Good Communication in Healthcare: 5 Tips to Sharpen Your Skills 

Good communication in healthcare is critical to building patient trust

Good communication in healthcare is crucial, especially when dealing with patients or their family members. 

For healthcare professionals, good communication skills aren’t only a helpful trait. They’re a core competency. Effective and timely communication builds trust among team members, patients, and care providers alike. 

Building good communication habits

Here are five simple tips to hone your communication skills in the healthcare workplace. 


Active listening is the most important part of communication. Allow your patients to share their thoughts and feelings without interruption, unless for clarification. This offers insights into their perspective, lifestyle, and beliefs while establishing rapport.  

When listening, be aware of your body language. Whether or not they’re aware of it, your nonverbal cues nevertheless speak volumes to your patient. Strong eye contact, appropriate nodding, and expressions of empathy signal “I hear you, I’m listening, and I care.” Conversely, letting your eyes wander around the room, checking your watch or phone, or dismissive noises tell your patient “I’m not interested in what you say.”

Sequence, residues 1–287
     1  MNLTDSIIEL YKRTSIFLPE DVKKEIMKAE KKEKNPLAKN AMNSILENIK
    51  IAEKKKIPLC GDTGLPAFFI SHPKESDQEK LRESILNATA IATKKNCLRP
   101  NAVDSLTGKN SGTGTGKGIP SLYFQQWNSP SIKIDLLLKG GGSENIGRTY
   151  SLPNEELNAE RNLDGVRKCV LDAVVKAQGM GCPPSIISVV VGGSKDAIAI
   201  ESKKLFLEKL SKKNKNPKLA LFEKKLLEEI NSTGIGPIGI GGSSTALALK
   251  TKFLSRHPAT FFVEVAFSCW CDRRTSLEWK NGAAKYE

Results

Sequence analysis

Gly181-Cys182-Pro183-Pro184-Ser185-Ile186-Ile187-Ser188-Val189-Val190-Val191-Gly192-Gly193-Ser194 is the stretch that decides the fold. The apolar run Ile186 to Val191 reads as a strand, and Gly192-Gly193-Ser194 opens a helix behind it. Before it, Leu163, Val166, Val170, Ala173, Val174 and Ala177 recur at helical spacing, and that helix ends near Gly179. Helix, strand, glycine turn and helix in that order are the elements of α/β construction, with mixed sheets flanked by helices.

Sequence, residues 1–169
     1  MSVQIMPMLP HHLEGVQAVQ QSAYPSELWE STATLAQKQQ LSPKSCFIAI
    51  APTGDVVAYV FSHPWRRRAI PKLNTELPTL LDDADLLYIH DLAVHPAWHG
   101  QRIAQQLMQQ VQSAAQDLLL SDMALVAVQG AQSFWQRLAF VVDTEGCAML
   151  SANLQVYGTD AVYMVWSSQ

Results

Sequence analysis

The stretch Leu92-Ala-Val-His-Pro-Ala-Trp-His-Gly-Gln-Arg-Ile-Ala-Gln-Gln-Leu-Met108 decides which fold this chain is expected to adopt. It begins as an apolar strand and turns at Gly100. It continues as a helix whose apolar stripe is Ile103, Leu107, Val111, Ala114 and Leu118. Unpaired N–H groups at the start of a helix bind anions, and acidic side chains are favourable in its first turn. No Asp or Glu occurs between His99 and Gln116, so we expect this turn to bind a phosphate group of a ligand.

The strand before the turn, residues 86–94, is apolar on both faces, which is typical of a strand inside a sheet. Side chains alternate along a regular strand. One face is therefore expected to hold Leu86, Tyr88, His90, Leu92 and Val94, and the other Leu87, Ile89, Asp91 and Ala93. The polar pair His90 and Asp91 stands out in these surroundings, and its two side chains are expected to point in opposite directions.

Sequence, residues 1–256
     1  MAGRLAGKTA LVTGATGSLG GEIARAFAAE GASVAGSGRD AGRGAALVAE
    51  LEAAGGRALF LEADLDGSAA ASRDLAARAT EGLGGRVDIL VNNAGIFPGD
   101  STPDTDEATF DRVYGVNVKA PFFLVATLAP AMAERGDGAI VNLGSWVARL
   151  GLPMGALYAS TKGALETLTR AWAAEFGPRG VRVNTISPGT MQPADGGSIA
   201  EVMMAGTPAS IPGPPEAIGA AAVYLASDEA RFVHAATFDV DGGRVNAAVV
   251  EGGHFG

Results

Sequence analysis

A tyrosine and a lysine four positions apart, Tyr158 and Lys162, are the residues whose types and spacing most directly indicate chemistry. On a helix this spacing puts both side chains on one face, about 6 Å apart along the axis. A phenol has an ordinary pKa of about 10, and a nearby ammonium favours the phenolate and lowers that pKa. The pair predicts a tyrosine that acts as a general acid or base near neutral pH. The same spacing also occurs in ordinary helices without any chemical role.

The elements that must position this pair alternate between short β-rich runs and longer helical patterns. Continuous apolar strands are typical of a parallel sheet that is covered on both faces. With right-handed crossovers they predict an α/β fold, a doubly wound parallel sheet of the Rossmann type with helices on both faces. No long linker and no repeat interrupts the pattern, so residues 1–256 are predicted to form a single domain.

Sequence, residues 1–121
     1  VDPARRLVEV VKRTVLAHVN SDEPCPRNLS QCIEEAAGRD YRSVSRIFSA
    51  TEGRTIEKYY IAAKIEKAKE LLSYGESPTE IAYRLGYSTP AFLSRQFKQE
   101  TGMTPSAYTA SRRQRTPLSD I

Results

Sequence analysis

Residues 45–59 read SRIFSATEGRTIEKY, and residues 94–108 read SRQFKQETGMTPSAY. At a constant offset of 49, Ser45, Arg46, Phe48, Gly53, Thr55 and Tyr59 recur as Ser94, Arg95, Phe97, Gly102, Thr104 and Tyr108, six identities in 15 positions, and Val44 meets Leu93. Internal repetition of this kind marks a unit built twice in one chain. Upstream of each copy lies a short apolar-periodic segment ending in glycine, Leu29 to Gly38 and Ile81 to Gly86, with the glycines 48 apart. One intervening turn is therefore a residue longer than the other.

Related: Cultural and Linguistic Competency for Physical Therapists, Updated

Take responsibility 

If you unintentionally miscommunicate, take responsibility for it. While no one enjoys admitting mistakes, this act of humility is a sign of a strong character, which only increases your credibility. 

Furthermore, if you said you are going to do something, then find you cannot do it, say so. Mistakes happen, and you can always learn from them. It’s hiding or lying about a mistake that is unacceptable. 

Be honest 

To speak honestly, you really need to provide all of the information you have. While abiding by HIPAA rules, don’t try to hide data when communicating with other healthcare professionals responsible for the patient’s plan of care. Rather, provide your colleagues with all the necessary information so they can do their jobs safely and appropriately. 

When in doubt, say it 

Healthcare is an evolving industry. New medical technologies hit the market almost daily. At some point, a diagnosis, drug, or technique will come up that you haven’t heard about. No one expects omniscience from healthcare professionals. In those situations, simply admit you’re unfamiliar with the term and be open to learn.  

Be objective 

Share data, not gossip. Work is no place for your private opinions about a patient, their family, doctor, nurse, or fellow therapist. The patient’s current status and functional outcomes are what matter. Be professional, objective, and use your clinical expertise when you share information.